The scene here and now

Working in a creative fashion role in Vancouver is not a full-time job for most of us trying to establish style-related vocations. There is simply not enough money floating around the small industry here to employ everyone who wants to focus on editorials and/or brand work. This is why the blogger scene can (relatively) explode here - bloggers are not limited by location to bring in revenue and leverage their influence. Continuing on this logic, this is why fashion industry events here draw the usual crowd of bloggers out for the night - what brand doesn't want to woo exposure and influence?


Image: at Vancouver Fashion Week


A thriving blog scene is only one piece of the puzzle. Bloggers aren't going to dedicate themselves to focusing on only Vancouver fashion as they need to be diverse enough to draw in other geographically-located readers to make it work in the long haul (and I don't blame them.) Sadly, the most-talented photographers, stylists, and make-up artists usually end up leaving town for greener pastures.


Image: Jesse Metcalfe in GENLUX Magazine by MUAH Emily Cheng - former Vancouver MUAH now based in California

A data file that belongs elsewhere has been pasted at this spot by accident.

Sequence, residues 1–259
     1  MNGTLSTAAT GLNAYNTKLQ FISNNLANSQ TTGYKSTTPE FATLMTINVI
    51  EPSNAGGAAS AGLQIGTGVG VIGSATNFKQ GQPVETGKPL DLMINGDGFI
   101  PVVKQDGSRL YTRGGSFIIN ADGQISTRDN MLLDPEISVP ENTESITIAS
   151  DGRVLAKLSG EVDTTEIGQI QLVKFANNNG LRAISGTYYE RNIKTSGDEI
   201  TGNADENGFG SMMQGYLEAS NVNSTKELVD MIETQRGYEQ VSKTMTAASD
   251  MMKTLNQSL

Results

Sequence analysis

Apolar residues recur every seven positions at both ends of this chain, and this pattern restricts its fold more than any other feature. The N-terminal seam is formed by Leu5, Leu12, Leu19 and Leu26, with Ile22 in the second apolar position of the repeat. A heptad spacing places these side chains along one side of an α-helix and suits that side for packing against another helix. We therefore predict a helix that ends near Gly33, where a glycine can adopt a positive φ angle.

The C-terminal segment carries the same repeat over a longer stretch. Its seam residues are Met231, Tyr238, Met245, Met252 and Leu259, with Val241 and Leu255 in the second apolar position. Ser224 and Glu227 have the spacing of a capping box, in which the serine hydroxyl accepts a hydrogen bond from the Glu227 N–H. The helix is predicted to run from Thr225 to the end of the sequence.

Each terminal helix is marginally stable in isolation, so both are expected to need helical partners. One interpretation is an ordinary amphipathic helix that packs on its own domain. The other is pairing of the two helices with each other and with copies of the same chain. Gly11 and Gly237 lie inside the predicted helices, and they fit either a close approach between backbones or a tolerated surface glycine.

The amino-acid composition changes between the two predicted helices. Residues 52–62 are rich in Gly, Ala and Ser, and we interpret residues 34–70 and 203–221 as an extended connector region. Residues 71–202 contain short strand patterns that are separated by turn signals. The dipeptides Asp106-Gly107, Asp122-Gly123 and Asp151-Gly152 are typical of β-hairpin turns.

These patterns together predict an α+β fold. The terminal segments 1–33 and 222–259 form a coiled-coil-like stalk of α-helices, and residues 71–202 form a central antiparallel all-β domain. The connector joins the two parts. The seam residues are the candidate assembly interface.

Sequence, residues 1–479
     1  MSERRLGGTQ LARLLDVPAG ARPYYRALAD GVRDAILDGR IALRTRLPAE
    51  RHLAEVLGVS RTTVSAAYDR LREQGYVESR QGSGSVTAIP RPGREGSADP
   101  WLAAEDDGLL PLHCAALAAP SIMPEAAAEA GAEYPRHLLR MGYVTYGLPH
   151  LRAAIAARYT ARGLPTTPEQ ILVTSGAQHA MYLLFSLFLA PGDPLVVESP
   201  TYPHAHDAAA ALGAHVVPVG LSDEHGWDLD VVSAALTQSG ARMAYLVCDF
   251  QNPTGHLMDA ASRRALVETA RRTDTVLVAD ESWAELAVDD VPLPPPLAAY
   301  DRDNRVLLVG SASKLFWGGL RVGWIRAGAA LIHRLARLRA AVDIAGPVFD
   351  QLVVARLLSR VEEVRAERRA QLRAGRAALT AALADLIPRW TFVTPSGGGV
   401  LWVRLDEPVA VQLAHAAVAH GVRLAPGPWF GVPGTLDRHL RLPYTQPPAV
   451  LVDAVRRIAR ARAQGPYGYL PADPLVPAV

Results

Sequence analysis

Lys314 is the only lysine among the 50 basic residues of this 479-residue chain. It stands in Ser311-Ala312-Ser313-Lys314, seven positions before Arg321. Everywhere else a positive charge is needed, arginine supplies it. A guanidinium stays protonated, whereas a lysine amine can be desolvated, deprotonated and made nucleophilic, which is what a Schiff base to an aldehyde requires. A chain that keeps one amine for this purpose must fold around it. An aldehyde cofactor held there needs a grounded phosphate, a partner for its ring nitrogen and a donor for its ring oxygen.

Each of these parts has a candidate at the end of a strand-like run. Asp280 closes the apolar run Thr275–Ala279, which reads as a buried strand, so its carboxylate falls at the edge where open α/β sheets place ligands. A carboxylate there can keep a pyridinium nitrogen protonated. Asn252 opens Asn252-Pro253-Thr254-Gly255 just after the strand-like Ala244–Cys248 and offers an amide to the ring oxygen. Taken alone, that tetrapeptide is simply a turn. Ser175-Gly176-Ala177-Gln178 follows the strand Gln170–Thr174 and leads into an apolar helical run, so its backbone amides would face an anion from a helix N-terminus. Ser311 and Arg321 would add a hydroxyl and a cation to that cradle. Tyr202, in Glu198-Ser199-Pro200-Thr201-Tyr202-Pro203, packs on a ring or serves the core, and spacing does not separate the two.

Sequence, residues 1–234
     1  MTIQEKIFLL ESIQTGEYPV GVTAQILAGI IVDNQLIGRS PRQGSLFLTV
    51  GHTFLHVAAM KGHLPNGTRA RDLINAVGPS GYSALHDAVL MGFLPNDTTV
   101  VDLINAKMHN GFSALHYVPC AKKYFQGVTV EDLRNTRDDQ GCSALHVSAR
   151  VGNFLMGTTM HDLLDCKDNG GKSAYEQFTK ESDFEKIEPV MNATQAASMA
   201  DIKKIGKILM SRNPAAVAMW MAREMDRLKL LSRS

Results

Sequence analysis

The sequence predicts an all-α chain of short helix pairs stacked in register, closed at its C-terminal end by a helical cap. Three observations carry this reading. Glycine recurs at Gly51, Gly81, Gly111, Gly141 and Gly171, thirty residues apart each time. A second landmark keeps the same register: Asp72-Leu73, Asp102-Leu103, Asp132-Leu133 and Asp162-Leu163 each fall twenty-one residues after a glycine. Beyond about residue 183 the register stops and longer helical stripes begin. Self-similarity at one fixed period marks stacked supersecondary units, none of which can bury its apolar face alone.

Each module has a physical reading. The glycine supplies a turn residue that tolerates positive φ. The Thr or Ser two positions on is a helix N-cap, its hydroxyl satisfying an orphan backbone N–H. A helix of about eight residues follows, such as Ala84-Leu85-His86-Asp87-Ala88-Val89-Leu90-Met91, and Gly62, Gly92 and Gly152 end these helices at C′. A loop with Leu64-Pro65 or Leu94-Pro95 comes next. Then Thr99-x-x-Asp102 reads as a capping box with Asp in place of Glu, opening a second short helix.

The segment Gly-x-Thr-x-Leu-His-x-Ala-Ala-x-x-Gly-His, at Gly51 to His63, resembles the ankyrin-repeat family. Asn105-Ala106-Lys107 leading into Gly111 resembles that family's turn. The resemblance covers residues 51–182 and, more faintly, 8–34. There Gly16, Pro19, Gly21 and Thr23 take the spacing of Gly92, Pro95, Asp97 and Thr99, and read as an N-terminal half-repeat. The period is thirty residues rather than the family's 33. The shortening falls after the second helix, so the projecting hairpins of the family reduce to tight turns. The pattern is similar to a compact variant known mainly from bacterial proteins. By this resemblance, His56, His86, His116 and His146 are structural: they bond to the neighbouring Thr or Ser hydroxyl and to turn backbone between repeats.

So how can we impact change here now and create an industry that is self-sustaining and inclusive? Short of hoping that the brands here become big enough to need huge campaigns and publicity and draw on this pool of talent, I can only think of things we can do for each other. This is what that might look like:

  • Try to share your passion and knowledge with others in the industry - they'll like you more and you can practice not worrying that they'll steal your jobs/clients.
  • Create small associations and promote knowledge of your field - events like "Style the Stylist" held at cool/fun stores, or simply writing about things in your field that are bigger than you.
  • Support local! And don't hesitate to tell people they need professional fashion help (ha ha! But actually, only if they ask..)
  • Before your favourite photographer/stylist/MUA jettisons this city for something that pays the bills, try to make a genuine connection and draw on that knowledge base whenever you can.
  • If you've already "made it" in your own mind, switch gears and give back. No one likes someone who views themselves as "elite" - there is always room to grow and in an industry this small, we will need to work/grow together.

Image: ZINK Magazine featuring a ridiculous amount of Vancouver talent.